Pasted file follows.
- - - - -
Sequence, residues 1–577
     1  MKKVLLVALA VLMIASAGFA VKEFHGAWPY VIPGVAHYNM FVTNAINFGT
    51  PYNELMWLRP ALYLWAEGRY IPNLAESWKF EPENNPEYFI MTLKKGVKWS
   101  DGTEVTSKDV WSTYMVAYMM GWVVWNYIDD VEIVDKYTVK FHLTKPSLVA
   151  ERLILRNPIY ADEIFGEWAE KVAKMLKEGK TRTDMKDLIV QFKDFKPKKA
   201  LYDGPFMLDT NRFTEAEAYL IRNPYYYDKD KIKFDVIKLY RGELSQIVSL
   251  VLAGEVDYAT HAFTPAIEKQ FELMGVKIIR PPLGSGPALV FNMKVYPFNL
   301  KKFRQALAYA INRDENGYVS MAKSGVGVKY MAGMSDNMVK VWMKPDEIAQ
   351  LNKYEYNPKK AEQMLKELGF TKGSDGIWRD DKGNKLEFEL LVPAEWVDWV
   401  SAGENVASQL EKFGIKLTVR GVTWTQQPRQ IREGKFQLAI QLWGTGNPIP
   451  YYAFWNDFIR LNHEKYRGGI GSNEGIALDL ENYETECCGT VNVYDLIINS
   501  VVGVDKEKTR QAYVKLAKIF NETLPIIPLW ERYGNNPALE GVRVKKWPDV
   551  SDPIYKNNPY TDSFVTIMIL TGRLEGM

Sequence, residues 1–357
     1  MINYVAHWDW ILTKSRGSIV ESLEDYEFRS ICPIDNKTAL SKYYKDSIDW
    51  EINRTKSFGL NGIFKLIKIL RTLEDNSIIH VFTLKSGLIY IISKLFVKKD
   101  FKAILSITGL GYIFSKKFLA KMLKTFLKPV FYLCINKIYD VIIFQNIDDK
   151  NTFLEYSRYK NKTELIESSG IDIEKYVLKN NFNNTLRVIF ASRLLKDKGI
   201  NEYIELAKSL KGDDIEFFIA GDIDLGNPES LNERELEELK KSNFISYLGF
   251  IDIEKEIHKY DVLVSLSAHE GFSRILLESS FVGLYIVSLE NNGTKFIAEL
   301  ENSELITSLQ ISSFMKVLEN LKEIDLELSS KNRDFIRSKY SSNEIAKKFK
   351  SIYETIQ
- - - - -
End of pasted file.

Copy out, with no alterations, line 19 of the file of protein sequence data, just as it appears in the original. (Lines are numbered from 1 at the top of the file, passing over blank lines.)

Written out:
   201  NEYIELAKSL KGDDIEFFIA GDIDLGNPES LNERELEELK KSNFISYLGF